Front view of a Wiliwili tree, endemic to the Hawaiian islands. It is typically found in dry forests on leeward island slopes up to an elevation of 600 m

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Erythrina sandwicensis (Wiliwili)

One of the oldest handcrafts of African origin in the United States is the hand-woven winnowing sieve, a shallow basket that was used during the Colonia Era to separate the rice seed from its chaff. Made from indigenous bulrush, sweetgrass is a strong yet supple marsh grass that thrives in the sandy soil of the coastal regions of the US South Atlantic

Gullah sweetgrass basket

One of the oldest handcrafts of African origin in the United States is the hand-woven winnowing sieve, a shallow basket that was used during the Colonia Era to separate the rice seed from its chaff. Made from indigenous bulrush, sweetgrass is a strong yet supple marsh grass that thrives in the sandy soil of the coastal regions of the US South Atlantic

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Gullah sweetgrass basket

Oryza meridionalis is a wild rice indigenous to Australia. It is found at edges of freshwater lagoons, temporary pools, and swamps

Oryza meridionalis (Wild rice)

Oryza meridionalis is a wild rice indigenous to Australia. It is found at edges of freshwater lagoons, temporary pools, and swamps

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Oryza meridionalis (Wild rice)

Front view illustration of a Freycinet Sandalwood, endemic to the Hawaiian islands. It is found in the mesic to dry forests of O'ahu. The fragrant wood of this shrub or small tree has history as a significant trade commodity through the mid 19th century. Ancient Hawaiians also used the wood, bark and leaves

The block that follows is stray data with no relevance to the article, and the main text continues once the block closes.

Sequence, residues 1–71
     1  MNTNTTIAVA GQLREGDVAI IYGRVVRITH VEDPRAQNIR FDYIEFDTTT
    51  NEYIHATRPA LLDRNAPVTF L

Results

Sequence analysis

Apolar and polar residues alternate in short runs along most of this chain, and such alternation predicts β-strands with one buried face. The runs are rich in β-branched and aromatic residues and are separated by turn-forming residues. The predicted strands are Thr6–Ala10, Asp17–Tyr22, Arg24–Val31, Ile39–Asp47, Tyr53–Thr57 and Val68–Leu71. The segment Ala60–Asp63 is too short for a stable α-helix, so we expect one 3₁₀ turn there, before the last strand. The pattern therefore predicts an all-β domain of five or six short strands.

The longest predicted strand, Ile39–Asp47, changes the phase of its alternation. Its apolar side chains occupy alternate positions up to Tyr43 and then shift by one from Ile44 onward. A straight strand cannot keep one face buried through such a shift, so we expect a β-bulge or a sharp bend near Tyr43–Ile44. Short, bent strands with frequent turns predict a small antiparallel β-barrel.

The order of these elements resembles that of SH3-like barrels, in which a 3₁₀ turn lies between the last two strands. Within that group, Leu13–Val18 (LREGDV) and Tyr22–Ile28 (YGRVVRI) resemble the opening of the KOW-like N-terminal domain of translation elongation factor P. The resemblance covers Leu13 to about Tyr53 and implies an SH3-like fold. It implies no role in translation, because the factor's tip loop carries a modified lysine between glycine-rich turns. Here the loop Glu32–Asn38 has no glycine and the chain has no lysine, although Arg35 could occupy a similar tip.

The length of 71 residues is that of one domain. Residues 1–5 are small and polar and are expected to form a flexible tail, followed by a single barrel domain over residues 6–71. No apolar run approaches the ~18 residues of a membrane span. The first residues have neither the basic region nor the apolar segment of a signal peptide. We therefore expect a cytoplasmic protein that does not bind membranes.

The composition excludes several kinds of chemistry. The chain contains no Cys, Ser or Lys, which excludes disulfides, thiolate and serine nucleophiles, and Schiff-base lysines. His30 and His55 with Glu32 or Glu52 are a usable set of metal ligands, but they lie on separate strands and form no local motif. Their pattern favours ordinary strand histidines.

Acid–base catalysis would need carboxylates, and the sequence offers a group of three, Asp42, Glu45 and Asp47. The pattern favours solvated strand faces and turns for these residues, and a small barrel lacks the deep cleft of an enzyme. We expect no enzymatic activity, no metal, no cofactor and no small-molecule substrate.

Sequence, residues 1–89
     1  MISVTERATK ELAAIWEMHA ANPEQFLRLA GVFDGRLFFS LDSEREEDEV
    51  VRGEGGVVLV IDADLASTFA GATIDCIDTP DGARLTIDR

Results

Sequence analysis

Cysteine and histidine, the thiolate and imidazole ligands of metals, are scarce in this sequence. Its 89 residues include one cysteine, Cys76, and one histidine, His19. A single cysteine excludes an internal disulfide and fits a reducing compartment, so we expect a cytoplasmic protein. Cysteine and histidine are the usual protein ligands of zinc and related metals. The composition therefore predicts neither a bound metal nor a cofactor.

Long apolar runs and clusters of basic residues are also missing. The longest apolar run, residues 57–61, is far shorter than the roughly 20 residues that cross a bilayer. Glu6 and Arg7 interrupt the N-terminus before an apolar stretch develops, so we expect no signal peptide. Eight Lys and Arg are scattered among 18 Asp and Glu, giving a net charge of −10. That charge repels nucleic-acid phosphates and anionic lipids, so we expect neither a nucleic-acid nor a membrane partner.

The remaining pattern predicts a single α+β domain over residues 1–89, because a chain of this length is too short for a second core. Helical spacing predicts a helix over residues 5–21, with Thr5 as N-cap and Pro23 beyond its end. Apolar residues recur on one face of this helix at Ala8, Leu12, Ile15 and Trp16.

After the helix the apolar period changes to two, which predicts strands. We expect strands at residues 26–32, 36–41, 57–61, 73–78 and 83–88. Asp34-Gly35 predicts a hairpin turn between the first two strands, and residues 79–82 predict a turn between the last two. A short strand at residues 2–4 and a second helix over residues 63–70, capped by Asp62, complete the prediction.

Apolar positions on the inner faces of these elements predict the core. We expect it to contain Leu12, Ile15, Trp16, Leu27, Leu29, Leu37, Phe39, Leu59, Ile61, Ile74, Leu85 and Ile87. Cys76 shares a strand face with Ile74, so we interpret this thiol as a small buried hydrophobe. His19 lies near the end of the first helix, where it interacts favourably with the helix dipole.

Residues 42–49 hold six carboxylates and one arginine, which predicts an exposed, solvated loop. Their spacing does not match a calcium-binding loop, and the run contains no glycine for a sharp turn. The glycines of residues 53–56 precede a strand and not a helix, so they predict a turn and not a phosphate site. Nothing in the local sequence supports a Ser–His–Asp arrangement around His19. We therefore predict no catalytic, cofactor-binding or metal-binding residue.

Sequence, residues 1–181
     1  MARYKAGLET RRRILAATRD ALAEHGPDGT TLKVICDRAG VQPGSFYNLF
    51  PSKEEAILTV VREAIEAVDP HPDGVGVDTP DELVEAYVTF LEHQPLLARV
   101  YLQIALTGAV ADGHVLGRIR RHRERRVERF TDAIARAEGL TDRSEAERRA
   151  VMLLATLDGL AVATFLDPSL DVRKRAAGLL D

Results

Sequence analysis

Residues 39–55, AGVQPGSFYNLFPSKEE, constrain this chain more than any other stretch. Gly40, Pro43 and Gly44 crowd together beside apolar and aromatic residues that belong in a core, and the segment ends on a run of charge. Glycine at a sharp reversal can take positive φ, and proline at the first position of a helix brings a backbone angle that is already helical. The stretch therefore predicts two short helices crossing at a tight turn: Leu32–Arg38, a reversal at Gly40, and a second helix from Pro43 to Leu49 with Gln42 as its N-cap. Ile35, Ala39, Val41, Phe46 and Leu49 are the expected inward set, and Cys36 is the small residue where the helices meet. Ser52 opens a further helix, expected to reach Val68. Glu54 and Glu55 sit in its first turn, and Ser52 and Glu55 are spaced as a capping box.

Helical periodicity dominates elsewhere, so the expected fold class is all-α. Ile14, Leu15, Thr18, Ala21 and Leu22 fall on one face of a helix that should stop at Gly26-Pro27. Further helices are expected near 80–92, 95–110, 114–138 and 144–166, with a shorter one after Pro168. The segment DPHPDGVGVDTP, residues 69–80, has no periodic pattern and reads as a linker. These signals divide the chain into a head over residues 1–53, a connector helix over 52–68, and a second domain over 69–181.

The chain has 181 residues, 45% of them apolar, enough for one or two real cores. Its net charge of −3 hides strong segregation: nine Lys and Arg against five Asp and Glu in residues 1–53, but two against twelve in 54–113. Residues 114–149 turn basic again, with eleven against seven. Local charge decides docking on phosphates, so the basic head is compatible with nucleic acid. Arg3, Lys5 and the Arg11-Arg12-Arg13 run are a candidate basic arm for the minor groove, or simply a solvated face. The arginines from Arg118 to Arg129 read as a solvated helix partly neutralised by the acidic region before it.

Santalum freycinetianum (Freycinet Sandalwood)

Front view illustration of a Freycinet Sandalwood, endemic to the Hawaiian islands. It is found in the mesic to dry forests of O'ahu. The fragrant wood of this shrub or small tree has history as a significant trade commodity through the mid 19th century. Ancient Hawaiians also used the wood, bark and leaves

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Santalum freycinetianum (Freycinet Sandalwood)

Front illustration of a Dwarf Naupaka, endemic to the Hawaiian islands. Dwarf naupaka formerly grew in coastal sites, primarily on consolidated sand dunes, on all of the main islands and was probably never very common. Today, it is endangered

Scaevola coriacea (Dwarf Naupaka)

Front illustration of a Dwarf Naupaka, endemic to the Hawaiian islands. Dwarf naupaka formerly grew in coastal sites, primarily on consolidated sand dunes, on all of the main islands and was probably never very common. Today, it is endangered

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Scaevola coriacea (Dwarf Naupaka)

Illustration of a tipi or teepee, popularized by Native Americans of the Great Plains

Tipi/Teepee (Plains Indians)

Illustration of a tipi or teepee, popularized by Native Americans of the Great Plains

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Tipi/Teepee (Plains Indians)